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Friday, July 25, 2003



Case introduces bills
to halt Jones Act

The legislation would
open Hawaii-mainland
shipping to foreign ships


U.S. Rep. Ed Case said he hopes to end what he calls a "stranglehold" of cargo shipping that exists between Hawaii and the West Coast by repealing the 83-year-old Jones Act.

But he'll first have to get that legislation by U.S. Sen. Daniel K. Inouye, who says he's against such a move.

"I have not read Rep. Case's measures in full detail. However, based upon my understanding of his intent, I must register my opposition to them," Inouye said yesterday.

Case, D-rural Oahu-neighbor islands, who won a special election this past January, introduced three bills yesterday to amend or repeal the federal Merchant Marine Act of 1920, also known as the Jones Act.

The law requires all shipping between U.S. ports to be aboard American-built, American-owned and American-crewed ships. Case said the Jones Act is the reason why Matson Navigation and Horizon Lines have a monopoly on shipping goods to Hawaii, and a change in this long-standing custom is overdue.

"The major effort of the Jones Act today is to control the market and increase prices for westbound shipping from West Coast ports to Hawaii," Case said yesterday.

"This is where virtually all of Hawaii's businesses and residents stand to benefit from repeal," he said.

The first of Case's measures would exempt all noncontiguous U.S. locations from the Jones Act. A second bill just exempts Hawaii. The third measure exempts Hawaii agriculture and livestock.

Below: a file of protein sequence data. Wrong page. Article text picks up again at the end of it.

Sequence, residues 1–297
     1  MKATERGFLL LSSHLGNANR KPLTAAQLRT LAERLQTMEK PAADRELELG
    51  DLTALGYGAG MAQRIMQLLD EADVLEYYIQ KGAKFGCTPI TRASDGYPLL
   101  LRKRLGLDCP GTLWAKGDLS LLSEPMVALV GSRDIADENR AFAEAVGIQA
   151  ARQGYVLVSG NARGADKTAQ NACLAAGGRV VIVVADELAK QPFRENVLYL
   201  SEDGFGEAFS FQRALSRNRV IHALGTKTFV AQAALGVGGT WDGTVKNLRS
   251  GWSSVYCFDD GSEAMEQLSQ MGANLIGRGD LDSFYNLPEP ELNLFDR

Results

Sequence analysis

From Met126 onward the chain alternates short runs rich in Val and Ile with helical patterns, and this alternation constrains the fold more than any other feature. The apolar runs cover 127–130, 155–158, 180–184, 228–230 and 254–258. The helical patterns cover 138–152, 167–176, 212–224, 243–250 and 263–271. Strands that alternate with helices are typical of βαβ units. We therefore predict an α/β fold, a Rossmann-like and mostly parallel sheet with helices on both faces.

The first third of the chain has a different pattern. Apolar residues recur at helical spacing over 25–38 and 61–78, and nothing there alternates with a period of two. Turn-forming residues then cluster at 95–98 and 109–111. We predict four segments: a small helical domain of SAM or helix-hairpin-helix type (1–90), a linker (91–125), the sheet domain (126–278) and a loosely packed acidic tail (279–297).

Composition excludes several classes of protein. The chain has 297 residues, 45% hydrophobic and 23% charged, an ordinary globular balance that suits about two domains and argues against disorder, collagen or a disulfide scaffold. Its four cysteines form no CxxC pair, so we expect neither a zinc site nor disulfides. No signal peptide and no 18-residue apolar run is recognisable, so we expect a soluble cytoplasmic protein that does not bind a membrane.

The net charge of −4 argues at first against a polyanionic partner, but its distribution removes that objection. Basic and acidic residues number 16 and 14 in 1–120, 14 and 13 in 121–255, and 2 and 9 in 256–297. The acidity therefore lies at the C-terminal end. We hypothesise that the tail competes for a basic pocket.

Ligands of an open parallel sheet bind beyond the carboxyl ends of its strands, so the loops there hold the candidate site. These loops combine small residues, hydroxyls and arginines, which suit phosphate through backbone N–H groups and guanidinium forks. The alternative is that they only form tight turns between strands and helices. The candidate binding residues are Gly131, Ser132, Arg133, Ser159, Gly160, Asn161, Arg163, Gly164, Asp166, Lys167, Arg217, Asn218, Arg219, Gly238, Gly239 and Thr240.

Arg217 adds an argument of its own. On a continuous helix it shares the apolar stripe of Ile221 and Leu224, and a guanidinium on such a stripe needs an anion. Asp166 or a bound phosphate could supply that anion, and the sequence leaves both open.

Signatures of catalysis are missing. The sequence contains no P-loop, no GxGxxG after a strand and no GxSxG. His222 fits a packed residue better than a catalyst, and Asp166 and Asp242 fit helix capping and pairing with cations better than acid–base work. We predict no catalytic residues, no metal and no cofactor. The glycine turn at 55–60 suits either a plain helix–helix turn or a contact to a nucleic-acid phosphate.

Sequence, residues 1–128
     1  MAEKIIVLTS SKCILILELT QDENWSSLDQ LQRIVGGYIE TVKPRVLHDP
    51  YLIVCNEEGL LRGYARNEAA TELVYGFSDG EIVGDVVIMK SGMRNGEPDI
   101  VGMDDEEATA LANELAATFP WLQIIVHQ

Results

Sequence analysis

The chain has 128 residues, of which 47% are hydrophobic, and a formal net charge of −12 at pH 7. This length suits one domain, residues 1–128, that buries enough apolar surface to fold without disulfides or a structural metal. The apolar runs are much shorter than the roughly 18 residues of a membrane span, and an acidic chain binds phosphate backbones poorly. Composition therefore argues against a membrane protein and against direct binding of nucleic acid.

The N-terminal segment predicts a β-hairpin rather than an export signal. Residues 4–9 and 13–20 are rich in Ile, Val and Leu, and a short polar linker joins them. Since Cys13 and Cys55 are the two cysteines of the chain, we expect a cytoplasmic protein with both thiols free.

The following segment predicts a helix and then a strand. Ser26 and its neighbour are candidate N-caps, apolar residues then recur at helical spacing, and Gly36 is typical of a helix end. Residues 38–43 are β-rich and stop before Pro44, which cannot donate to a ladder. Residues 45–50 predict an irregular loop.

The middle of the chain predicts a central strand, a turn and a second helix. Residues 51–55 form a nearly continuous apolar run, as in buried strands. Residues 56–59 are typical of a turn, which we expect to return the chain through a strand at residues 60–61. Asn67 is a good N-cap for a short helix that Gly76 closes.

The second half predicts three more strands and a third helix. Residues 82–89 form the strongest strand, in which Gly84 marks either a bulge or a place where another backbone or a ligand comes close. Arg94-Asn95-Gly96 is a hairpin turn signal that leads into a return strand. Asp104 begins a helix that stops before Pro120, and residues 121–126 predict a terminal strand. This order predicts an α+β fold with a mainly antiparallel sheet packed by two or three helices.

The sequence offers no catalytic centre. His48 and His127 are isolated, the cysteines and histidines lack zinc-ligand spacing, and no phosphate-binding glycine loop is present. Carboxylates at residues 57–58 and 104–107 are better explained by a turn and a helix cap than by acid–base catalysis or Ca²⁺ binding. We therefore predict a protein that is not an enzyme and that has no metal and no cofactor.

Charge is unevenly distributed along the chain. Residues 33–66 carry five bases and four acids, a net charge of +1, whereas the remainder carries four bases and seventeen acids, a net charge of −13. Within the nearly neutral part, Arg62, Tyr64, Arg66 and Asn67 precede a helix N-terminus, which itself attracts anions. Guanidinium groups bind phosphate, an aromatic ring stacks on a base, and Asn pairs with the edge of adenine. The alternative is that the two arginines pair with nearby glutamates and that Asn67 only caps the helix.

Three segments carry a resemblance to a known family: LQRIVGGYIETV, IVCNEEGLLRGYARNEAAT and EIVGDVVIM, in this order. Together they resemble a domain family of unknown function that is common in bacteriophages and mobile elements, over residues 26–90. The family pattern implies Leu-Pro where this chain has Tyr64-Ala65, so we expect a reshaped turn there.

"Essentially, the bills are intended to lay out the options from broad to narrow; we can get into the issue at any level and work our way up or down," Case told U.S. House Speaker J. Dennis Hastert, R-Ill., yesterday.

Still, Case faces a tough hurdle in Inouye if any of the measures get passed out of the U.S. House. The third-ranking member of the U.S. Senate said he has always done everything he could to uphold the Jones Act throughout his political career.

"The Jones Act has served Hawaii well. It is in Hawaii's economic interest to have dedicated carriers that serve not only Honolulu, but also Hilo and Nawiliwili with high quality, regularly scheduled service," Inouye said.

Inouye said it is in our national security interest to have American vessels and experienced mariners that can be called upon to support troops abroad.

"We cannot rely on foreign carriers to supply our military in times of conflict. This is especially important today as we undertake operations not only in Iraq, but throughout the world," Inouye said.



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